The Smithsonian Institute kicks off Jazz Appreciation Month this April by honoring John Coltrane, one of the most influential saxophone players in Jazz. Coltrane was commemorated with a portrait by artist Joseph Holston for their yearly poster.
Coltrane’s son, Ravi Coltrane, will also donate one of his father’s three principal tenor saxophones to the National Museum of American History. The donation marks the 50th anniversary of John Coltrane’s masterpiece composition “A Love Supreme.”
John Coltrane was born on September 23, 1926 in Hamlet, North Carolina. He grew up in High Point, North Carolina. He enlisted in the US Navy in 1945, where he played in the Navy jazz band once he was stationed in Hawaii. Coltrane returned to civilian life in 1946 and began jazz theory studies. Working in the bebop and hard bop idioms early in his career, Coltrane helped pioneer the use of modes in jazz and was later at the forefront of free jazz.
An important moment in the progression of Coltrane’s musical development occurred on June 5, 1945, when he saw Charlie Parker perform for the first time. Parker became an early idol, and they played together on occasion in the late 1940s. Coltrane later teamed with pianist Thelonious Monk and trumpeter Miles Davis where the rivalry, tension, and mutual respect between Coltrane and Davis was formative for both of their careers.
Coltrane’s debut entitled “Coltrane” was in 1958 on the Prestige label. He followed it with the album “Blue Train” on the Blue Note label. After two other releases, he moved to Atlantic Records in 1960, where he released the iconic album, “Giant Steps”. The recording exemplifies Coltrane’s melodic phrasing that came to be known as “sheets of sound”, and features his explorations into third-related chord movements that came to be known as “Coltrane changes”.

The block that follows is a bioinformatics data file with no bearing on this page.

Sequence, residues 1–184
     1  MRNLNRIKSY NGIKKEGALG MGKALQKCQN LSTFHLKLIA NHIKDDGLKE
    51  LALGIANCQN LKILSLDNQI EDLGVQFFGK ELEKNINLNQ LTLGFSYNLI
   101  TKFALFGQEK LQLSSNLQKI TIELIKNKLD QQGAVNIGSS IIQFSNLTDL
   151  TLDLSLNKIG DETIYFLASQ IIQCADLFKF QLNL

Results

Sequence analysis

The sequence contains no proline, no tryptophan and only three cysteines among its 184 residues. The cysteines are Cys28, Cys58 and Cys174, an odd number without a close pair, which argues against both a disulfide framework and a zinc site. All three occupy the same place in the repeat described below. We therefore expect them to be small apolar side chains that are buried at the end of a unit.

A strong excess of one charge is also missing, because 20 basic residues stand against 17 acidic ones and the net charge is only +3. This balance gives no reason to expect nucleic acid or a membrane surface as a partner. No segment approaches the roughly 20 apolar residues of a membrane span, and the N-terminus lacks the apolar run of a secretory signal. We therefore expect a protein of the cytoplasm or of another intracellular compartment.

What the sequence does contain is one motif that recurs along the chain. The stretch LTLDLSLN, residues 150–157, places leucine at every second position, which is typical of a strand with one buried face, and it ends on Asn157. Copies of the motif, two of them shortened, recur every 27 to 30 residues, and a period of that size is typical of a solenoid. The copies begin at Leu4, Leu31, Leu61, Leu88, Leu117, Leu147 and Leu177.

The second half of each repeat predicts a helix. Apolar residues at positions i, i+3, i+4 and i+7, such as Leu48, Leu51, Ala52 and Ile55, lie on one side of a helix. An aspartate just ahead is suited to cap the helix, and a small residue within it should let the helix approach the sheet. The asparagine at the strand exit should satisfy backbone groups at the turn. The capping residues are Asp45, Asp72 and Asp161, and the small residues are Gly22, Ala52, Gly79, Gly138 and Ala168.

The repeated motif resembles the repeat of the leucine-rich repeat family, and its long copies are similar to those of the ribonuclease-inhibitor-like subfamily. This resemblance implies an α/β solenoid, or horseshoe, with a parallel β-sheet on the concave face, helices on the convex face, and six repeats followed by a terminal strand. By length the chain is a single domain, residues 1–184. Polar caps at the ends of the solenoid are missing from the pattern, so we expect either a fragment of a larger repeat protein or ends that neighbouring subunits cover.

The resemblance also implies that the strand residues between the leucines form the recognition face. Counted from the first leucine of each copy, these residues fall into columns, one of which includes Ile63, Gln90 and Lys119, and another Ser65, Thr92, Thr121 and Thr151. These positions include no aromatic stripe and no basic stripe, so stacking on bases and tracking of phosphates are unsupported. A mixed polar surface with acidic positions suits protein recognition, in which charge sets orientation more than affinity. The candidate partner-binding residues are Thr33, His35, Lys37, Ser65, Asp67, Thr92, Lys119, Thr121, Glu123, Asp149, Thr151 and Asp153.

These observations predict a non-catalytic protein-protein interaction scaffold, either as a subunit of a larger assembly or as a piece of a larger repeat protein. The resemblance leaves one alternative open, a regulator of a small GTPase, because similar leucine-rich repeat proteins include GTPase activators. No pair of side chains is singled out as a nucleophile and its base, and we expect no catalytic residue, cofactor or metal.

Jazz musicians continue to use the “Giant Steps” chord progression, which consists of a peculiar set of chords that often move in thirds, as a practice piece and as a gateway into modern jazz improvisation. The ability to play over the “Giant Steps” cycle remains to this day one of the benchmark standards by which a jazz musician’s improvising skill is measured. Several pieces on this album went on to become jazz standards, most prominently “Naima” and “Giant Steps. After recording three other albums, including the highly popular “My Favorite Things”, Coltrane moved to the Impulse! Record label, where he would record for the rest of his life.
Coltrane lived a relatively young life, dying at the tender age of 40 in 1967. He was married twice, to Juanita Naima Grubbs in 1955. They separated in 1963 and divorced in 1966. He met pianist Alice McLeod, in late 1963 and had three children, John Jr. (1964), Ravi (1965) and Oranyan (“Oran”) 1967.
The influence Coltrane has had on music spans many genres and musicians. Coltrane’s massive influence on jazz, both mainstream and avant-garde, began during his lifetime and continued to grow after his death. He is one of the most dominant influences on post-1960 jazz saxophonists and has inspired an entire generation of jazz musicians.
Smooth Jazz and More honors John Coltrane and many other music legends this April by including them in our daily playlist. We hope you enjoy the music we share and encourage you discover the history of jazz.
Born in America…enjoyed worldwide!